“15. Judges have to decide cases as they come before them, mindful of the need to keep passions and prejudices out of their decisions. And it will be strange if, by employing judicial artifices and techniques, we cut down the discretion so wisely conferred upon the courts, by devising a formula which will confine the power to grant anticipatory bail within a strait-jacket. While laying down cast-iron rules in a matter like granting anticipatory bail, as the High Court has done, it is apt to be overlooked that even judges can have but an imperfect awareness of the needs of new situations. Life is never static and every situation has to be assessed in the context of emerging concerns as and when it arises. Therefore, even if we were to frame a `Code for the grant of anticipatory bail’, which really is the business of the legislature, it can at best furnish broad guide-lines and cannot compel blind adherence. In which case to grant bail and in which to refuse it is, in the very nature of things, a matter of discretion. But apart from the fact that the question is inherently of a kind which calls for the use of discretion from case to case, the legislature has, in terms express, relegated the decision of that question to the discretion of the court, by providing that it may grant bail “if it thinks fit”. The concern of the courts generally is to preserve their discretion without meaning to abuse it. It will be strange if we exhibit concern to stultify the discretion conferred upon the courts by law.”

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Any apprehension that can arose by imparting the unfettered power to the magistrate is blown away by the apex court by observing like that and that it cannot be said that if magistrate exercises such power that can be misused. What are the powers of an accused during the enquiry and trial is also to be seen, and whether a door can be shut on the face of the accused during the enquiry is also relevant factor that can be attributed to the power of a magistrate during the investigation.

Apex Court in the case of State of Orissa Vs. Debendra Nath Padhi reported in (2005) 1 SCC 568 has clearly observed that accused is not having any right to produce any evidence or material before the court at the time of cognizance or at the time of framing of charge. The phrase that has given the right to the accused of being heard as has been mentioned in Section 227 as well as in Section 239 of the Code, does not connote any right to the accused for production of any material before the court.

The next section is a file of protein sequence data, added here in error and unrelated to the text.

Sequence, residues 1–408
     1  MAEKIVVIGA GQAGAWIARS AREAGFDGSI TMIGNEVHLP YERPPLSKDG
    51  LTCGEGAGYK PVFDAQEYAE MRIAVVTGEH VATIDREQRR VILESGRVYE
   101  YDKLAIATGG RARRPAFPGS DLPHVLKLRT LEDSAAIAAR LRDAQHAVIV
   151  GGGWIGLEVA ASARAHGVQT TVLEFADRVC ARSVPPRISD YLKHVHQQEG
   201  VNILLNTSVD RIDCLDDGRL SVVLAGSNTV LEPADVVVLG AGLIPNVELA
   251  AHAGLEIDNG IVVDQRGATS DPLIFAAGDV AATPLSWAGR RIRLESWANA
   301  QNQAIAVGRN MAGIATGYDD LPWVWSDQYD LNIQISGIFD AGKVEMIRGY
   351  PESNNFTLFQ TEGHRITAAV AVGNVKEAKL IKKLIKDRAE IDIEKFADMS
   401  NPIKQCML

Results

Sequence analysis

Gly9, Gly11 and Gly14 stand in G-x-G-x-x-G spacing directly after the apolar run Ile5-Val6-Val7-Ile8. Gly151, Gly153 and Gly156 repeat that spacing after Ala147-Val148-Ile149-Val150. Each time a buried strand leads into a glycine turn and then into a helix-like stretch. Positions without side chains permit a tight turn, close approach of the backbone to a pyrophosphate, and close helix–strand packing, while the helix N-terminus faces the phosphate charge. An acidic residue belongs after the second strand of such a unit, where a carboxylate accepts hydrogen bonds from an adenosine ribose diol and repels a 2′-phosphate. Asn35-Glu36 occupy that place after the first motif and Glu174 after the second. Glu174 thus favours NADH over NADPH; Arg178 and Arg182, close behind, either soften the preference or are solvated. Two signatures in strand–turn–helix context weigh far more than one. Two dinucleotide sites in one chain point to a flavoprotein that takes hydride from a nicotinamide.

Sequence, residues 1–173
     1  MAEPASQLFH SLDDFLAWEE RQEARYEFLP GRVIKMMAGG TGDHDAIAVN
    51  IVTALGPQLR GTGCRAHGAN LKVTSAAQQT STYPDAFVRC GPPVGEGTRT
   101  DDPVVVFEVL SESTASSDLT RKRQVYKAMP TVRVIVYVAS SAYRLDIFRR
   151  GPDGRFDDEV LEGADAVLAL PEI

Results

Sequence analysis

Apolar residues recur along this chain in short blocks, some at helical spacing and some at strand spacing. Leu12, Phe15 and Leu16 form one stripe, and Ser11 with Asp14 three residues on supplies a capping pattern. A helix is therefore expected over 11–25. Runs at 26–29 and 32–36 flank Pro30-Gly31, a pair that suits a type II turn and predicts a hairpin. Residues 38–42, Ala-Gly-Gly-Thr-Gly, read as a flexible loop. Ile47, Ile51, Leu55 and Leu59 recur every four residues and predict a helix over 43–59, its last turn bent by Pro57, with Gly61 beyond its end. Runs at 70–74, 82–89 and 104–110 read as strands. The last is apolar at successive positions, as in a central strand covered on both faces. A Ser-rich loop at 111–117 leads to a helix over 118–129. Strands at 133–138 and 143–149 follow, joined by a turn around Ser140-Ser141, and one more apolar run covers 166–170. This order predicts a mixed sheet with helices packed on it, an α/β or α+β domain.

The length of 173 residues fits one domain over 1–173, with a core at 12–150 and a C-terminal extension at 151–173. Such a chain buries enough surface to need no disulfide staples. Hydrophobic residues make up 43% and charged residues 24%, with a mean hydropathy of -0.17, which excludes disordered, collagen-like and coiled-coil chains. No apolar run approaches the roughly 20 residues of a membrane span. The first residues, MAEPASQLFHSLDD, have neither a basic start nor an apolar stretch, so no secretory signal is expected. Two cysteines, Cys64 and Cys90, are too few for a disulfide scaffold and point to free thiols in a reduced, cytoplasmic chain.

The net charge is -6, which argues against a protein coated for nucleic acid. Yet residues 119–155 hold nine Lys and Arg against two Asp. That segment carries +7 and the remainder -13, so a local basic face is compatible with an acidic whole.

It is further observed by the apex court that application of Section 91 is also ruled out before the trial starts. The principle held by Apex Court in Satish Mehra Vs. Delhi Administration reported in 1996 (9) SCC 766 was not found to have led correct view. In Satish Mehra Vs. Delhi Administration, a two Judge Bench of Apex Court observed as follows:

“…..if the accused succeeds in producing any reliable material at the stage of taking cognizance or framing of charge which might fatally affect even the very sustainability of the case, it is unjust to suggest that no such material should be looked into by the court at that stage. It was held that the object of providing an opportunity to the accused of making submissions as envisaged in Section 227 of the Code of Criminal Procedure, 1973 (for short, ‘the Code’) is to enable the court to decide whether it is necessary to proceed to conduct the trial. If the materials produced by the accused even at that early stage would clinch the issue, why should the court shut it out saying that such documents need be produced only after wasting a lot more time in the name of trial proceedings. It was further observed that there is nothing in the Code which shrinks the scope of such audience to oral arguments and, therefore, the trial court would be within its power to consider even material which the accused may produce at the stage contemplated in Section 227 of the Code.”

After considering the various pronouncement of the court, Hon’ble Apex Court observed as follows:-

“As a result of aforesaid discussion, in our view, clearly the law is that at the time of framing charge or taking cognizance the accused has no right to produce any material. Satish Mehra’s case holding that the trial court has powers to consider even materials which accused may produce at the stage of Section 227 of the Code has not been correctly decided.”

Section 91 of the Code was also discussed. For ready reference, Section 91 is reproduced below: